Religious liberty report card: The Trump administration's first yearBy Travis Weber Director, Center for Religious Liberty
Travis Weber is Director of the Center for Religious Liberty at Family Research Council. This article appeared in The Hill on January 12, 2018.
Now is as good a time as any to reflect on the Trump administration’s domestic religious liberty record over the past year—highlighting its accomplishments and observing what still needs to be done.
There have been a number of policy developments to celebrate, including the president’s religious liberty executive order, the Justice Department religious liberty guidance, the HHS contraception mandate exemption, and the USDA religious liberty guidance clarifying religious liberty protections for those like family business owner Donald Vander Boon — not to mention the confirmation of originalist judges who will respect current religious freedom law. At the same time, other agencies like the Defense Department still have to step up to the plate, follow the lead of HHS and the USDA, and do more to protect religious liberty.
Indeed, a decorated Air Force colonel named Leland Bohannon — who the Air Force has entrusted with oversight of nuclear weapons and the responsibility of flying B-2 stealth bombers — may have his entire career railroaded because the Air Force refused to grant him a religious exemption from being forced to sign a “certificate of spouse appreciation” for a subordinate in a same-sex marriage. While there are others, Bohannon’s case alone shows why religious liberty needs more protection in the Defense Department.
It’s not like Bohannon didn’t ask for help. He was told to request a religious accommodation, but it was returned to him without an answer. Thankfully, in the meantime a major general offered to sign the certificate instead. All seemed to have been peaceably worked out. Yet when the subordinate saw that
Bohannon’s signature was not on his certificate, he filed an Equal Opportunity (EO) complaint, which resulted in Bohannon being found to have violated Air Force regulations and “unlawfully discriminated . . . based on sexual orientation.” The EO investigator recognized that Bohannon had asked for an accommodation, but nonsensically claimed that “even had the accommodation been granted,” he “would nonetheless be guilty of unlawful discrimination.” As a result, Bohannon was suspended from command and flagged against promotion, in effect ending his career.
Not only is this entire matter an absurd waste of time, it is clearly unlawful and unconstitutional. The EO investigator’s train wreck of an analysis aside, religious freedom law and military policy demand that Bohannon be granted an accommodation in an instance like this — where the desired government objective — a signature on the certificate — is easily satisfied by someone else with nothing more than the stroke of a pen.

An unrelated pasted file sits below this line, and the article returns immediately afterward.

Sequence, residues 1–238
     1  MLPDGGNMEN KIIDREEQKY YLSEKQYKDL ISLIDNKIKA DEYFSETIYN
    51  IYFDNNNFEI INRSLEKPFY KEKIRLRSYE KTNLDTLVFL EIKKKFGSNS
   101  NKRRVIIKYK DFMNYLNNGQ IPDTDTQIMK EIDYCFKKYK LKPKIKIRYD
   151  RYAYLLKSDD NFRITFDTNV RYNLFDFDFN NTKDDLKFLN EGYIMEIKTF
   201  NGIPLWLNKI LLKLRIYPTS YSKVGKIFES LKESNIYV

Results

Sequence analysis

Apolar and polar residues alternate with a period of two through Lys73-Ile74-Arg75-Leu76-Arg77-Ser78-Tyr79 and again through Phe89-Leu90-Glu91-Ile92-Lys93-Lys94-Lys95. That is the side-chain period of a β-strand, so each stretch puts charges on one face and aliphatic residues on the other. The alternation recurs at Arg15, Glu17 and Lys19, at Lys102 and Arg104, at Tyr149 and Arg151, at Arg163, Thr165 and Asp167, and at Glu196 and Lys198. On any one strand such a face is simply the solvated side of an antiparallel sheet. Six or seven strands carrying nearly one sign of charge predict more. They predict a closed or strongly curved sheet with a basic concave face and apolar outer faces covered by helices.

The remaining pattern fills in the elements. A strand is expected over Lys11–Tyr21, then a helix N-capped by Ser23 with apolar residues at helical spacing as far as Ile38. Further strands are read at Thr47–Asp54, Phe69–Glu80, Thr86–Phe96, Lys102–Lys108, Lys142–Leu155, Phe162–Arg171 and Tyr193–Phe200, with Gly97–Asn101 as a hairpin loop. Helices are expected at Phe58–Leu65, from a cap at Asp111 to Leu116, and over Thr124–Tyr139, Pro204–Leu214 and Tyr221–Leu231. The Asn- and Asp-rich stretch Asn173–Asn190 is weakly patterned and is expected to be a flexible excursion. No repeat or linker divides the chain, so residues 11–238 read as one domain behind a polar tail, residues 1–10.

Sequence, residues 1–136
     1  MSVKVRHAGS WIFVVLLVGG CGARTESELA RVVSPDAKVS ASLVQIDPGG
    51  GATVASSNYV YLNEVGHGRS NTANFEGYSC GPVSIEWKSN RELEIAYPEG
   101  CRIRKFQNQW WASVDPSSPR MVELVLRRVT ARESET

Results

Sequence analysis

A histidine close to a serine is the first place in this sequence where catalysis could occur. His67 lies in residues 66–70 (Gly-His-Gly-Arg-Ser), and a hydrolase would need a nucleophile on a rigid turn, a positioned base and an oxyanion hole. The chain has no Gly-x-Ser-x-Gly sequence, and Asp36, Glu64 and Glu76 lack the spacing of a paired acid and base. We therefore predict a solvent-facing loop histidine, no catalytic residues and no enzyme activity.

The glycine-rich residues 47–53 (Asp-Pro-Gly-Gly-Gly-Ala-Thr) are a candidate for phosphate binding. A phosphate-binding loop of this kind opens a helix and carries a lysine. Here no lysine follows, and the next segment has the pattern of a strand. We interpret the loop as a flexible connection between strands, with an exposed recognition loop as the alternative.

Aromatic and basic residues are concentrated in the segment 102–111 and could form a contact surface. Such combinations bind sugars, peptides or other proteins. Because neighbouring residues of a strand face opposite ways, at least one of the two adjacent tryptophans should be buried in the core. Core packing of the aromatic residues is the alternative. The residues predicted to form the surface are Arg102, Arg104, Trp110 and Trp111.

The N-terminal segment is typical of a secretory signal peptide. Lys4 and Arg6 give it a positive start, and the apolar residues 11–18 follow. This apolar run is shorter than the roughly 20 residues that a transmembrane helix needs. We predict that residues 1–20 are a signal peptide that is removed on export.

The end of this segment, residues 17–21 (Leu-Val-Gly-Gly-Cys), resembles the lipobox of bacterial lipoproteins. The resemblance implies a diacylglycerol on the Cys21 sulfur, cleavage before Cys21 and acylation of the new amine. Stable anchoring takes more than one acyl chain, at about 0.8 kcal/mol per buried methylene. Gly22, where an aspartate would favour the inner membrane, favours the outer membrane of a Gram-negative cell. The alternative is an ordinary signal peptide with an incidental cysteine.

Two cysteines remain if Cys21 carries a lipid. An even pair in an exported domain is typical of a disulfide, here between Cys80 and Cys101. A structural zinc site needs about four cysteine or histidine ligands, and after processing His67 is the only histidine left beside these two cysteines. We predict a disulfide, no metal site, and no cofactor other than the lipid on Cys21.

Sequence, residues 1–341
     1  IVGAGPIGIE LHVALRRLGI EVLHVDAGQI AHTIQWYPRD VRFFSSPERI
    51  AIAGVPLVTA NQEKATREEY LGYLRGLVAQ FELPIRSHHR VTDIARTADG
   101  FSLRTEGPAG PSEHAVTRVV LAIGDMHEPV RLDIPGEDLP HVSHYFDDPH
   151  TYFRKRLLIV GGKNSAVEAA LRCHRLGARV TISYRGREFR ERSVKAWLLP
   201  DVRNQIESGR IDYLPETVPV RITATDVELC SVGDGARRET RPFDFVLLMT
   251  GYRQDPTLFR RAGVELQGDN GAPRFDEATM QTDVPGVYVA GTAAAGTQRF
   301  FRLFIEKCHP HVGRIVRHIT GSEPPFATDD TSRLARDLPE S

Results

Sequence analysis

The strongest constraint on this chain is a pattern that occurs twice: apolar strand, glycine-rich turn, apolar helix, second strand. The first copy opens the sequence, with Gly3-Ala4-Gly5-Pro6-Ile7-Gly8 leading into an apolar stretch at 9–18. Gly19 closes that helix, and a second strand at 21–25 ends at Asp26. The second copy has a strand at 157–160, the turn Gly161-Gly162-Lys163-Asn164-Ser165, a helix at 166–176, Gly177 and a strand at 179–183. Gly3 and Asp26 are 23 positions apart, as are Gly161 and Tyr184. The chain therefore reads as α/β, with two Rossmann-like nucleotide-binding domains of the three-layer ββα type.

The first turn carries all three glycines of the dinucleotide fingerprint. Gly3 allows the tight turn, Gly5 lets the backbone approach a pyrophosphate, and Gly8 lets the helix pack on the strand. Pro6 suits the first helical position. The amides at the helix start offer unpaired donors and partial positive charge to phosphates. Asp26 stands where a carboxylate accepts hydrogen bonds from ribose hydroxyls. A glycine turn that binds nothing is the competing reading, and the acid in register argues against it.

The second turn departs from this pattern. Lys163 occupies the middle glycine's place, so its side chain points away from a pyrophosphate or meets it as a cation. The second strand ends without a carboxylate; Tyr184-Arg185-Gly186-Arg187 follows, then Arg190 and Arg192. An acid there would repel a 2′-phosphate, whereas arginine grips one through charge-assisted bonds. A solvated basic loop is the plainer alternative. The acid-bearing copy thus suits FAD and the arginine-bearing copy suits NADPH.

This sad sequence of events — resulting in the tarnishing of an honorable officer’s career — didn’t have to transpire this way. Over the course of last year, another agency under the Trump administration took a different approach. After Donald Vander Boon was threatened by USDA inspectors who said they would shut down his Michigan meat packing facility (which would displace his 45 employees) if he didn’t remove material supporting natural marriage from his breakroom table, the USDA responded and issued religious freedom guidance clarifying that he was protected.
Also near the end of last year, HHS issued rules that will protect the Little Sisters of the Poor and other religious organizations that have been needlessly harassed for years under the Obama administration for their desire to honor their consciences and not be forced to supply abortion-causing drugs and services. The issuance of these rules helps resolve the legal troubles of scores of such organizations, businesses, and universities.
The HHS rules and USDA guidance followed on the heels of President Trump's religious liberty executive order issued last May — to which follow-on guidance was issued by the Justice Department — stating that all agencies must protect religious liberty. HHS and the USDA have heeded this instruction; the Defense Department (and Air Force) apparently have not.
While a religious exemption from signing a spouse appreciation certificate may seem like a small deal to some, it’s not for Bohannon. This whole episode is at a minimum a distraction. At worst, it could end his career.
The Trump administration so far has taken concrete steps to ensure people are free to live out their beliefs free from government coercion. It should continue to walk down this welcome path, as religious freedom protections are still needed for others — such as healthcare workers being forced to participate in abortions against their conscience, or subscribe to treatments which deny the biological reality of male and female.
Moving into 2018, the Trump administration can continue to fulfill its pledge to protect religious freedom by granting relief to Bohannon and revising Air Force religious freedom policy to ensure that what befell him does not happen to anyone else. This would earn it not only the appreciation of the religious freedom community today, but also the gratitude of many who want to see a strong and healthy military going forward.